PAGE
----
After WWI two men go into radio. Failure leads the wife of one to borrow money from another; she goes on, after separation, to stardom. A coast-to-coast radio program is set up to bring ... See full summary »
In this chronicle of a vaudeville family, Myrtle McKinley (class of 1900) goes to San Francisco to attend business school, but ends up in a chorus line. Soon, star Frank Burt notices her ... See full summary »
Songwriters Calhoun and Harrigan get Katie and Lily Blane to introduce a new one. Lily goes to England, and Katy joins her after the boys give a new song to Nora Bayes. All are reunited ... See full summary »
Starting in 1913 movie director Connors discovers singer Molly Adair. As she becomes a star she marries an actor, so Connors fires them. She asks for him as director of her next film. Many silent stars shown making the transition to sound.
Set at the turn of the century, smooth talking con man Eddie Johnson weasels his way into a job at friend and rival Joe Rocco's Coney Island night spot. Eddie meets the club's star ... See full summary »
Nan Spencer is on a boat bound for Havana which runs aground. The man sent to rescue her is engaged and she doesn't understand his disinterest. Gambler is interested, to the annoyance of his girlfriend.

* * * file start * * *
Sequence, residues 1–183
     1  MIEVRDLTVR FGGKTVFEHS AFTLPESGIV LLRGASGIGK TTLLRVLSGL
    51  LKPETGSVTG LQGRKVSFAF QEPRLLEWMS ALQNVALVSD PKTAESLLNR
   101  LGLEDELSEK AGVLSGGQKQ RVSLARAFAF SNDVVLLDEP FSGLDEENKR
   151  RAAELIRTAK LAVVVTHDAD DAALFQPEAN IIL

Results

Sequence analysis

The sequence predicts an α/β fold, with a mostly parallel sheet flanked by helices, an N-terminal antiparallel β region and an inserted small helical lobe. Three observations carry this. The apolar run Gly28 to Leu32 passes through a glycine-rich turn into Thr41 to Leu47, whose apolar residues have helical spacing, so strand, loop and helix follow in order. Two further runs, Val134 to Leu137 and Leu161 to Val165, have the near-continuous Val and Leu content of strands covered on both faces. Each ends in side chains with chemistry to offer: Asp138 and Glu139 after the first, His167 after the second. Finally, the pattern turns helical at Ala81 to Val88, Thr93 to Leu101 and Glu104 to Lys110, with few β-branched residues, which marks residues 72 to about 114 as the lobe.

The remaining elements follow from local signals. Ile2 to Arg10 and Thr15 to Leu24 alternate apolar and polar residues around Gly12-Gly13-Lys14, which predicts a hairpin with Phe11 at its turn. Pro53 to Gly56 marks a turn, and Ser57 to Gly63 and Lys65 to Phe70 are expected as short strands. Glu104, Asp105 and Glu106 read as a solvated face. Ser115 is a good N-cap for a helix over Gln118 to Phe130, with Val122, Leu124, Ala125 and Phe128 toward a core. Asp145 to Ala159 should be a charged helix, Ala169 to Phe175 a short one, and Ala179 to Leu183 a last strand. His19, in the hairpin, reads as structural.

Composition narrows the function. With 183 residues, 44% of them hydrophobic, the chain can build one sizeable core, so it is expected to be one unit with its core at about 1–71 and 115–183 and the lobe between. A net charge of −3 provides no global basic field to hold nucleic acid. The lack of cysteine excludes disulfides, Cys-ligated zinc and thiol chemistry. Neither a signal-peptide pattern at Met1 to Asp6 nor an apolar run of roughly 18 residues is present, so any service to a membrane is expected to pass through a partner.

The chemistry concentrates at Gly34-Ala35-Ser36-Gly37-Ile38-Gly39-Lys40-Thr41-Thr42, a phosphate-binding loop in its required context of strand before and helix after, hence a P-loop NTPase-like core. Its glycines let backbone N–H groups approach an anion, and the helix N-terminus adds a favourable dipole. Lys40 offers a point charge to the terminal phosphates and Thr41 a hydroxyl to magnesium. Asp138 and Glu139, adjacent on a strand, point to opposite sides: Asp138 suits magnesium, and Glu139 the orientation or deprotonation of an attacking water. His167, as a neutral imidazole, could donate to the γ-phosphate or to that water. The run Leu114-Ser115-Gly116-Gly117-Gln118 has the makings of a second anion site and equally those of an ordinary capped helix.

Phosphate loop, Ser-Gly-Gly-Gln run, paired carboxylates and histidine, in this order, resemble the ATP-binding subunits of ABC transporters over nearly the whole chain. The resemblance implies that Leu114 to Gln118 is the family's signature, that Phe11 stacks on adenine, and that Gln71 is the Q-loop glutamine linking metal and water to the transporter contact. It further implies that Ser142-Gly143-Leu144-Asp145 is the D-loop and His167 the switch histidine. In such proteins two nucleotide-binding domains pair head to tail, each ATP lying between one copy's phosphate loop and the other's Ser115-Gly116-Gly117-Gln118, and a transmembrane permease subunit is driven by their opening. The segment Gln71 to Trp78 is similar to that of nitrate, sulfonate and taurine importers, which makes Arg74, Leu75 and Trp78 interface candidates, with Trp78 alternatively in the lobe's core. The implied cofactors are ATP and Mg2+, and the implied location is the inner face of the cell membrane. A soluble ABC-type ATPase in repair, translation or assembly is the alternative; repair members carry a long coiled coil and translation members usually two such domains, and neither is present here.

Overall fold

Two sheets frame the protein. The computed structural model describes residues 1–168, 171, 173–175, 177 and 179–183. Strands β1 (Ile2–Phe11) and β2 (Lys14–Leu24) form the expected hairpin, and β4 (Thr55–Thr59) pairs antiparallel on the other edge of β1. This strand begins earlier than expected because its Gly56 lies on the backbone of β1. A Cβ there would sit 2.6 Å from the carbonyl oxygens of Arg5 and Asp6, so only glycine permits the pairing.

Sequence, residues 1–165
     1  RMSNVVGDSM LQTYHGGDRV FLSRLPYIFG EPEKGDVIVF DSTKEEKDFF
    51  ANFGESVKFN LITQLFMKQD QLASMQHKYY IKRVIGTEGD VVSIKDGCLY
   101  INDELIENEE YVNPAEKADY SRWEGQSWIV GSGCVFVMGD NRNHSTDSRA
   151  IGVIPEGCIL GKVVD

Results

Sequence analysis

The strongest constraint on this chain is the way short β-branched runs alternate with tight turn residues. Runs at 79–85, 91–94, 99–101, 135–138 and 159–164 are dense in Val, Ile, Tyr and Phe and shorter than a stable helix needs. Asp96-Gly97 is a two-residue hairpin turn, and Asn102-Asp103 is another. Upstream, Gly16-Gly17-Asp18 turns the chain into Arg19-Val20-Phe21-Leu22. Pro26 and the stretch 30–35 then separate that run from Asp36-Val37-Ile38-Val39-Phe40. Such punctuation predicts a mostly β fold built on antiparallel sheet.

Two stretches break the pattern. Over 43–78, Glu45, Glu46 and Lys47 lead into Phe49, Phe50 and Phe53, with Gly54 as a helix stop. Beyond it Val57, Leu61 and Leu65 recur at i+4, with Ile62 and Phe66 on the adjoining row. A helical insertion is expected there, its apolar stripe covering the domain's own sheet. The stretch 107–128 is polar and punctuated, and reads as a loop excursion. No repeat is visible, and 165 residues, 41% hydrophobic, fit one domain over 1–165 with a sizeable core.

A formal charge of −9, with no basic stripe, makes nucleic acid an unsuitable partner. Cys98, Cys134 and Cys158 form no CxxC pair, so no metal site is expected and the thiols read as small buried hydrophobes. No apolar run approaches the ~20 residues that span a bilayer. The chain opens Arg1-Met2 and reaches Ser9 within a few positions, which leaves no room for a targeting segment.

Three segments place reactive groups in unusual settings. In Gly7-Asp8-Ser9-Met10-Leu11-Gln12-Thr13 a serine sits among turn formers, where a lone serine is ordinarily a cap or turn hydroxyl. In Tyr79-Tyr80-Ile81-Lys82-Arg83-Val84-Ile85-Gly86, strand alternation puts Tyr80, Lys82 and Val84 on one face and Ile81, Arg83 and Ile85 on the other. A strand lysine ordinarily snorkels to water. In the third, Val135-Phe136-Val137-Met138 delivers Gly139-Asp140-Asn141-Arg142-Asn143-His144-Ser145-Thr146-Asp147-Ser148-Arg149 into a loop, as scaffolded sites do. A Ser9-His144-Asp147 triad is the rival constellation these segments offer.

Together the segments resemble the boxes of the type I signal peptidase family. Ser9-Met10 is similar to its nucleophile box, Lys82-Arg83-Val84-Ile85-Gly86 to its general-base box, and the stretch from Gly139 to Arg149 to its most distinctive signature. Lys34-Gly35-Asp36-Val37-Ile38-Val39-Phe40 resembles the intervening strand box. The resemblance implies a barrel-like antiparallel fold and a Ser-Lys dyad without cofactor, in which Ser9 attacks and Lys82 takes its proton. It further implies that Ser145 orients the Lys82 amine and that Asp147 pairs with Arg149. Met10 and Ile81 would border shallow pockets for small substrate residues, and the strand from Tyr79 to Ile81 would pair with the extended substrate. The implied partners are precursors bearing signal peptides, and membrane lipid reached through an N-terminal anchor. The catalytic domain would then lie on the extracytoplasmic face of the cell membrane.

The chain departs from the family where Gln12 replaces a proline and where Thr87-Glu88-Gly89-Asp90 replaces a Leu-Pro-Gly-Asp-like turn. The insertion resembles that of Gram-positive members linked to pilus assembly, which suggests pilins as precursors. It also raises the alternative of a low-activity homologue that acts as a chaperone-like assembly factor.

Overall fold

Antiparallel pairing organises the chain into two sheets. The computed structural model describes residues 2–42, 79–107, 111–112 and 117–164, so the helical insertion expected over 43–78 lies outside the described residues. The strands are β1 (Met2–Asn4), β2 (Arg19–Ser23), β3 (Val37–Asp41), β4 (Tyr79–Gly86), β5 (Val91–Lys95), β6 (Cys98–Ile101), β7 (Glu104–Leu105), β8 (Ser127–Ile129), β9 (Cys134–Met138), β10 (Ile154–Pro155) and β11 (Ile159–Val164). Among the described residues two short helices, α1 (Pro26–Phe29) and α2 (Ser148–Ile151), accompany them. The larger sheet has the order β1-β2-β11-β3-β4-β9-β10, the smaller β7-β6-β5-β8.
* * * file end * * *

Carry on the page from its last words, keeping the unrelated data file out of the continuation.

There's a reason for watching an antique like this, and that's Alice Faye. She was at the top of her form here, in what was to be her final Fox musical. Basic plot: John Payne is a vaudevillian with his eye on greater things. His troupe consists of Faye, Jack Oakie and June Havoc. The Gay 90s costumes are a riot and, I assume, reasonably authentic. I also imagine some audience members in 1943 might have lived long enough to remember the period in real life. Faye belts out an endless number of great tunes, including her signature song, "You'll Never Know." Payne is stiff as usual, but veteran comic actor Oakie and his predictable antics help make up for that. The plot is as thin as a piece of tissue paper, so enjoy the movie for its many and memorable musical numbers. With her deep voice and striking looks, Faye really shines here. One caution: It is slightly jarring to watch the "rag" number, as all the performers are white but acting as if they were Stepin Fetchit-type blacks. This old-time minstrel baloney is certainly not uncommon in old musicals. You can see similar numbers in even later fare such as "Holiday Inn" (Bing Crosby in black face!) and "Jolson Sings Again." The offending "Abraham" number in "Holiday Inn" used to be cut for TV viewing. But there wasn't much TV could do about "The Jolson Story" and "Jolson sings Again" without emasculating the movie, as Al Jolson rose to fame singing "Mammy" and other numbers in black face.
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